I’ve no reason to lie or twist Wolff’s words, pre or post-race, not to twist Bonnington’s communication with Hamilton.

        I had a long conversation with someone recently about statements Wolff made regarding wanting to do whatever it took to ensure that Rosberg finished second in the WDC relative to Hamilton averring the usual platitudes about wanting to win each race. It was odd to me then, as it is now, that despite his public quotes in an interview for a newspaper, Wolff’s comments and the outcome of the races that secured that second-place finish for Rosberg were discounted as if Wolff never said them and as if the outcomes didn’t happen. All that mattered was Hamilton said he wanted to win but he didn’t.

        Now, I ask you, who at Mercedes holds more sway? Is it Lewis Hamilton, the driver? Is it Toto Wolff the man paying Lewis Hamilton? Hasn’t Toto Wolff proven by now that his primary concern is cementing Mercedes in the F1 history books for a second time —- with HIS name attached to that cementing?

        tj, think about this. You have a vast knowledge of F1 racing. When was the last time, wait, the FIRST time a multiple WDC-winning driver teamed with a driver with zero WDCs not overtly named the #1 driver on the team? How is it possible that Nico Rosberg, in 2013, had done enough during his career to be perceived as equal with Lewis Hamilton? Certainly no one outside of Mercedes would have said that; in fact, no one ever did. Rosberg was ALWAYS known as the guy who never bested Hamilton at any level of racing.

        But if that wan’t enough, you’d think that after 2013 and then LH’s WDC in 2014, he’d be openly recognized as the team #1. Hmmmm, not. And now, after winning the WDC in consecutive seasons and third time overall, who is being talked about as if he was a 23-year old on the rise driver and not a guy about to embark on his 11th season with nothing to show for his time but a sole race win until he sat in a car that was heads above the others on the grid.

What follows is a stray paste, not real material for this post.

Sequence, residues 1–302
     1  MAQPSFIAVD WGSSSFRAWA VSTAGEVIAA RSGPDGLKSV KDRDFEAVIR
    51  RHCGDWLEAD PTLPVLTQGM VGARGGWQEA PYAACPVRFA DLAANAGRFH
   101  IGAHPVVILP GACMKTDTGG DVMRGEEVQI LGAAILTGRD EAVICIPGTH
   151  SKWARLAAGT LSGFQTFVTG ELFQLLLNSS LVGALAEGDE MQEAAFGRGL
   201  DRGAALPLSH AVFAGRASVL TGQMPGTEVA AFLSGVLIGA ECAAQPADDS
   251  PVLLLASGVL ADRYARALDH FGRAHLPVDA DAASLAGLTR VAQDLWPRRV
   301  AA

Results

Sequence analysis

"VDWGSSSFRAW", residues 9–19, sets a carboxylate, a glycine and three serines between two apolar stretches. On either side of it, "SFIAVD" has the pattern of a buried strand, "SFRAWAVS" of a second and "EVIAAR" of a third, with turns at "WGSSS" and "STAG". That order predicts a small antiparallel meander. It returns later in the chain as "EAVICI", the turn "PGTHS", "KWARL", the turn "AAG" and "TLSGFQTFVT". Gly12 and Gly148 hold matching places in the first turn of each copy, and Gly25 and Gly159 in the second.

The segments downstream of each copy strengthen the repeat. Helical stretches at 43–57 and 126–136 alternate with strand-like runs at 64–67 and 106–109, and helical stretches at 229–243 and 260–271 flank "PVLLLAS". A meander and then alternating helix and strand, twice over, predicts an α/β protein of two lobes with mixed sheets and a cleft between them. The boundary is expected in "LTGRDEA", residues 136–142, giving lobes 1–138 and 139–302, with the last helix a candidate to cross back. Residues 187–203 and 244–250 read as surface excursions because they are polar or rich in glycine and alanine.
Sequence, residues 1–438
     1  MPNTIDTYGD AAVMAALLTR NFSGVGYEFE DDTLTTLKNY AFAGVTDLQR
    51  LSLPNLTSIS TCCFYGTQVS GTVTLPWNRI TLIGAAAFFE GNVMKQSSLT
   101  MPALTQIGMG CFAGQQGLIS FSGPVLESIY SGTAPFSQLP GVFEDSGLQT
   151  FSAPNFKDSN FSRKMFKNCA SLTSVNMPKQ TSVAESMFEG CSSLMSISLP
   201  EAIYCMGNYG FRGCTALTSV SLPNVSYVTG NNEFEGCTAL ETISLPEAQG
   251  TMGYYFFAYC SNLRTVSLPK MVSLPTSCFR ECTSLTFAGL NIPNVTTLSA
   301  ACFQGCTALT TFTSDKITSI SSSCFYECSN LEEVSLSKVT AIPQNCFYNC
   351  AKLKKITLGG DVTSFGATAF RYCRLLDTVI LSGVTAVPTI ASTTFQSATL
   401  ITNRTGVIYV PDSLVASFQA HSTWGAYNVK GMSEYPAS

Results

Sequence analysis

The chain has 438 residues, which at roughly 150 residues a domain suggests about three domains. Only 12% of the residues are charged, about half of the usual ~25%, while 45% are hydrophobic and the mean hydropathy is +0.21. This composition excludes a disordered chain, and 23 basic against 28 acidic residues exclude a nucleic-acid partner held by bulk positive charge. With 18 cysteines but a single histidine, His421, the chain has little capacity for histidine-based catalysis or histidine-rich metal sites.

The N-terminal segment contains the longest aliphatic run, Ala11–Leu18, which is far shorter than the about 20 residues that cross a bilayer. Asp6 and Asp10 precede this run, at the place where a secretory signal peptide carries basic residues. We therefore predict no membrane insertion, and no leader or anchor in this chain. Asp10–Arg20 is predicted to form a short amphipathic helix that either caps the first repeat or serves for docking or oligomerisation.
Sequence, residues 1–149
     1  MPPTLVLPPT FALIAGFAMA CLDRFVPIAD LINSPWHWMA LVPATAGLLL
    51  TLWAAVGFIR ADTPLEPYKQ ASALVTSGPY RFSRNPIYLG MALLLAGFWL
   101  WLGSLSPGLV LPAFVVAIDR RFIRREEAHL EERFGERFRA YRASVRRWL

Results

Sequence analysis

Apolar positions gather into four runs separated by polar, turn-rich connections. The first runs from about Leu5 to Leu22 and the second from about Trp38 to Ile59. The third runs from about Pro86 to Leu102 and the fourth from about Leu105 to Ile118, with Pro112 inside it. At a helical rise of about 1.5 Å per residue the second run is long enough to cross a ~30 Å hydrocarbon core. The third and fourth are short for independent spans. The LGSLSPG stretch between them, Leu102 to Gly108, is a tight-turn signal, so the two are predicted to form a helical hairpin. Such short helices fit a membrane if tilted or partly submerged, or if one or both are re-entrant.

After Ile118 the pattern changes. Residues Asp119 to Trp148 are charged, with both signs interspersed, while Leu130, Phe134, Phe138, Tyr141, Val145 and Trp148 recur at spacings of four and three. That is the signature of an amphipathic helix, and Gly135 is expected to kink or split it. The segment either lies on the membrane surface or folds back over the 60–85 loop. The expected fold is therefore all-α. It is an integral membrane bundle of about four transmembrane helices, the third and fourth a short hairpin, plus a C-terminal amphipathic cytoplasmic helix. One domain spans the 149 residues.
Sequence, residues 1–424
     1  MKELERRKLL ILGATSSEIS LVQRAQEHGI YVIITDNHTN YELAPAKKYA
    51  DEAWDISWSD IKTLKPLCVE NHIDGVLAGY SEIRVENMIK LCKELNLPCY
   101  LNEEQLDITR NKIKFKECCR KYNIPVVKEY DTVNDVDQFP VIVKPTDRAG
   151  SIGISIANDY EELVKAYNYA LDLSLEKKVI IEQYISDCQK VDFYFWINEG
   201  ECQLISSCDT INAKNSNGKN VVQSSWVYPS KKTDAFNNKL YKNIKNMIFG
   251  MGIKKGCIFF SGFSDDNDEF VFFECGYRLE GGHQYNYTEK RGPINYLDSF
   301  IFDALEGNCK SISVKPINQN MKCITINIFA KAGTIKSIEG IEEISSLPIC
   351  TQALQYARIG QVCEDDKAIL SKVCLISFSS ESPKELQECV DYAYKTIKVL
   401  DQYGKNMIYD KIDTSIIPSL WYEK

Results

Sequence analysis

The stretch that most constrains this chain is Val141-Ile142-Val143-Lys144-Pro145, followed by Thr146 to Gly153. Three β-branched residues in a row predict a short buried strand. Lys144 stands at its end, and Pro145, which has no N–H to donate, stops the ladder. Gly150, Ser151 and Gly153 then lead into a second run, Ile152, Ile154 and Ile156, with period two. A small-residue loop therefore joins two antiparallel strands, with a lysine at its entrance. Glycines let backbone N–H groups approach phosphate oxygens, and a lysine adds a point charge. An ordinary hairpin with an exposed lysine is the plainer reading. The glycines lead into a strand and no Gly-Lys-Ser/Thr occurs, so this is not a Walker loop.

Meantime, Hamilton finished second by one point his ROOKIE season. And despite the wailing that he had the best car, did McLaren with the Constructor’s title in 2007? Or, would they have won if they hadn’t all their points removed? NO. How about the next season. The one Jenson Button said was “easy” for Lewis (I’ll never understand how winning the WDC on the final corner of the final race can be construed as “easy,” but…). Did McLaren win the Constructor’s title? No.

        But this man with a dozen wins AFTER those two seasons at McLaren and before Mercedes isn’t, not only the #1 on his own team but not perceived as the best driver of his time??? His every off-track move is scrutinized and questioned. His every statement is represents an opportunity to question his intelligence or maturity or “English-ness”?

        I know career accolades are handed out after an athlete’s day is done but when does the time come for Lewis Hamilton to be known as one of the truly great British drivers? He’s smashed pretty much all the meaningful records (tied Sir Jackie’s WDCs). And off the track he’s given millions to his and other charities and spent much time with disadvantaged children in England, giving them a glimmer of hope that they might too have a real future.

        When is enough gossip, thrashing and trashing, enough???

        • Maybe you can quote the Wolff interview – it doesn’t appear to be on the SKY broadcast I have recorded. Also you should consider ,when the ‘trashing’ is being done by the team principle – its a VERY big deal

        • “When was the last time, wait, the FIRST time a multiple WDC-winning driver teamed with a driver with zero WDCs not overtly named the #1 driver on the team?”

          The first time? I don’t know.The last time, however, was in 2007, when then newly crowned multiple WDC, Fernando Alonso – and defeater of Ferrari / Schumacher no less – was forced into equal status with a rookie named Lewis Hamilton. I repeat, a rookie. Surely, if one can imagine being Alonso in 2007, it would be a circumstance that constitutes a more egregious slap to a champion than that of presently not placing Lewis as No.1 against Nico; especially given the points spread between Lewis and Nico over the last three years has remained within 55%-45% for all three seasons.